Every once in a while, we land on new information or a new perspective that elicits a “That’s it!” response.
Thank you to Jenny Trick, executive director of the Racine County Economic Development Corp., for throwing an article over the wall just when I needed it. I encourage you to go to www.hbr.org (Harvard Business Review) and seek out this article.
Author Claudio Fernandez-Araoz, in “21st-Century Talent Spotting: Why potential now trumps brains, experience and competencies” has shared (in brief) the problem, the solution and the tools. Since I write a column dedicated to the topic of leading Generation Y, I will point out that I see a correlation between the tools suggested by Fernandez-Araoz and the way in which Gen Y would like to engage in the world of work (and be invited into the world of work).
The following three paragraphs are taken directly from the article:
In the past few decades, organizations have emphasized “competencies” in hiring and developing talent. Jobs have been decomposed into skills and filled by candidates who have them. But the 21st-Century business is too volatile and complex – and the market for top talent too tight – for that model to work anymore.
Today, those responsible for hiring and promotion decisions must instead focus on potential: the ability to adapt to ever-changing business environments and grow into challenging new roles.
Managers must learn to assess current and prospective employees on five key indicators: the right motivation, curiosity, insight, engagement and determination. Then they have to help the best get better with smart retention and stretch assignments.
Considering current research, combined with our more than 25 years of working in organizations, we see that the most engaged employee is one who:
- Is fully involved in and enthusiastic about her work.
- Focuses on her work efforts and overall productivity to benefit customers and advance the company.
- Feels a positive emotional attachment to the well-being and success of the company.
- At the end of the day, is committed, loyal and willing to do whatever she can for the company.
How are you doing in hiring employees who have the greatest potential to be engaged? Have you considered their determination, motivation and curiosity?
I’ll share a story about hiring for determination. In 1994 (very early in my consulting years), I made a cold call to a large manufacturing company in Milwaukee. My purpose was simply to meet their manager of organizational development to see if I might be able to serve as a resource to them in any way. I was a very young professional at the time and only about five years into work in the training and development field.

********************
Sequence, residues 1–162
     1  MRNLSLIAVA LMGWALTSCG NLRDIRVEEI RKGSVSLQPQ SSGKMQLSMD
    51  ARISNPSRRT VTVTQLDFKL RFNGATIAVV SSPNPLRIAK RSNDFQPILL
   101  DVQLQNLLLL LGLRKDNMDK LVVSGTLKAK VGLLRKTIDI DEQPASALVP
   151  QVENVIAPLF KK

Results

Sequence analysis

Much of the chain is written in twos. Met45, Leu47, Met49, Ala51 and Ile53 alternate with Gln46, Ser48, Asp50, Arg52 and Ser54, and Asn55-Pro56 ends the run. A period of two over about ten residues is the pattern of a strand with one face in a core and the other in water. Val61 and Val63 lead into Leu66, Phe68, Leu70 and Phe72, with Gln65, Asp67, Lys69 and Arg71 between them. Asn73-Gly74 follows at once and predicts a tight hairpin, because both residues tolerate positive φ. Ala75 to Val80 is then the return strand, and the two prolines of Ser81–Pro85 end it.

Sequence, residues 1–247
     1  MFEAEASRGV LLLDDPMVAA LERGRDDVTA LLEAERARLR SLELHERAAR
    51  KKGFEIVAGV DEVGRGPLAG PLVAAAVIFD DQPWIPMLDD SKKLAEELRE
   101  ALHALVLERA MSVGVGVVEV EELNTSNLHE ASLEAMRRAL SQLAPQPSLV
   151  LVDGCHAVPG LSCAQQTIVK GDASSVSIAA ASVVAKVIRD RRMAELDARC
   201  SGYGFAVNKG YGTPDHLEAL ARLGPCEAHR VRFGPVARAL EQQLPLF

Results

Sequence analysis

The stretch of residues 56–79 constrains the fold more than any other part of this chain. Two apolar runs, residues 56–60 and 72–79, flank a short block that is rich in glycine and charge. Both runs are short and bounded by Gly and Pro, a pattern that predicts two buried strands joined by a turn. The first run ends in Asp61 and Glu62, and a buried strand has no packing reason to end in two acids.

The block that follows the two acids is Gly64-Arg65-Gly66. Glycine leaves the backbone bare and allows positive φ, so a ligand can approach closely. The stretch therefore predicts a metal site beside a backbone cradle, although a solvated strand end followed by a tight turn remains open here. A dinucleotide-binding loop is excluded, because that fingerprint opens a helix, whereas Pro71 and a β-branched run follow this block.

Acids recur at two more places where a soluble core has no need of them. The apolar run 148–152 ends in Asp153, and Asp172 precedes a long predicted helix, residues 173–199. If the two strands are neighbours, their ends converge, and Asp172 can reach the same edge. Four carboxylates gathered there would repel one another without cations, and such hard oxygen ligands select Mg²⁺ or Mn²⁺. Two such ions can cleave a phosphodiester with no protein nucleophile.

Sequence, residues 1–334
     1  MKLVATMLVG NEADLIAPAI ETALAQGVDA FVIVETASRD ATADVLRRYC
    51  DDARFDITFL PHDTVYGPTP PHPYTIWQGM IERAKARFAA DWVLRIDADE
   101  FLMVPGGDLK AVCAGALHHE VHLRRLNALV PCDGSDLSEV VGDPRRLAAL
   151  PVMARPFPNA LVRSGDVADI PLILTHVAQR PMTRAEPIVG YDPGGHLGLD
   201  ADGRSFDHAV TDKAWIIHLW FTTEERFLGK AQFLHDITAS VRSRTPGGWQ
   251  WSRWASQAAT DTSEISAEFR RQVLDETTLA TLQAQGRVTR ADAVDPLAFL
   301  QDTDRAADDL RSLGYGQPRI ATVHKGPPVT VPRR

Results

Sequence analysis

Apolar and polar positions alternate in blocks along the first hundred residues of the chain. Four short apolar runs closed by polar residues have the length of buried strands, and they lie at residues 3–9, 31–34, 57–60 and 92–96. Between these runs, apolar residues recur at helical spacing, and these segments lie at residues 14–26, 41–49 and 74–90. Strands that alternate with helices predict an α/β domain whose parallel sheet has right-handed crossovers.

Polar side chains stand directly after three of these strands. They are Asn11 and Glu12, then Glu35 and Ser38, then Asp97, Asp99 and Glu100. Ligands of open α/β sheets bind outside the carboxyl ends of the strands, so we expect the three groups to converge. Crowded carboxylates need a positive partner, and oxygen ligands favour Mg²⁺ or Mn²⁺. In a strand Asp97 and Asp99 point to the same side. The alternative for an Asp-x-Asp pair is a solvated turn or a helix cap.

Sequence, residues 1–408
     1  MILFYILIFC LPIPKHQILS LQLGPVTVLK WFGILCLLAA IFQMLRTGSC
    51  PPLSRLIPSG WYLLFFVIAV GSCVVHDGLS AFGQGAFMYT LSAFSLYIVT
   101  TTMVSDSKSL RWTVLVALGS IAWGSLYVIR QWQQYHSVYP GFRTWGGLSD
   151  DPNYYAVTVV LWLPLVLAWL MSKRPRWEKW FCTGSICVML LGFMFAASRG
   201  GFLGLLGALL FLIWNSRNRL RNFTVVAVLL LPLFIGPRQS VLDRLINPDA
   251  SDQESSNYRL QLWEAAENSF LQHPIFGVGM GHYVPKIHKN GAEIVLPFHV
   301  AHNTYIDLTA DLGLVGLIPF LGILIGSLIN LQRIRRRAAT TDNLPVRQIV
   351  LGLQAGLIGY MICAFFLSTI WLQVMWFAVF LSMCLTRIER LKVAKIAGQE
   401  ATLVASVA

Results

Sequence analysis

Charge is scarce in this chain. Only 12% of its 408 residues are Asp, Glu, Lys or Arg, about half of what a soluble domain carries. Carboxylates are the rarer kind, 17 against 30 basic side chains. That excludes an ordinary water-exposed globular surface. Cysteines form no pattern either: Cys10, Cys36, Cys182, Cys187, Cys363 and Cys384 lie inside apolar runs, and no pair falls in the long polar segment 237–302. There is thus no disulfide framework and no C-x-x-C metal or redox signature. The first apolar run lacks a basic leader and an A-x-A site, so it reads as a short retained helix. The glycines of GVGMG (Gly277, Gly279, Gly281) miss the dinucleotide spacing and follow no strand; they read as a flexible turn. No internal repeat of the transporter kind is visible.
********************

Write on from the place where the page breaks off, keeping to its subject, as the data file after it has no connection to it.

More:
As it turns out, this 1,200-employee company was about to launch its five-year master plan to rebuild its manufacturing operations. The company had hired a Chicago-based consultant to advise on the technical side of this lean transformation, and they had hired Arthur Anderson Consulting (I’ll name it since it doesn’t exist anymore) to support the human side of this transformation. The work had not yet begun. A few key individuals in human resources and operations were intrigued by my motivation and determination to be considered as their resource. They gave me two weeks to build a plan, assemble a team and present my ideas. I got the project.
This decision had very little to do with experience and credentials. It had most to do with determination. One of the things they told me when they made the call to me was: “We just have a feeling that you’re going to work harder for us.” They were right! My team and I embraced the project with tremendous passion and commitment and virtually “lived” at this company for more than five years.
For all intents and purposes, Living As A Leader was born here. Nancy Lewis, co-founder of Living As A Leader, and I created a 12-workshop series for the frontline workforce. The feedback from the workforce over the years was the inspiration for the creation of our leadership development system. The work we do, our life’s work, was born out of motivation, curiosity, (the gathering of) insight, engagement and determination.
What is determination worth to you? Is it a consideration as you look at your potential talent?
Everyone can think of the time when someone stood in front of you and said, “Please, would you just be willing to give me a chance?” Would you be?
Aleta Norris is a co-founding partner of Living As A Leader, a leadership training, coaching and consulting firm. You may send Aleta your Leading Generation Y questions to firstname.lastname@example.org. Also, visit www.livingasaleader.com.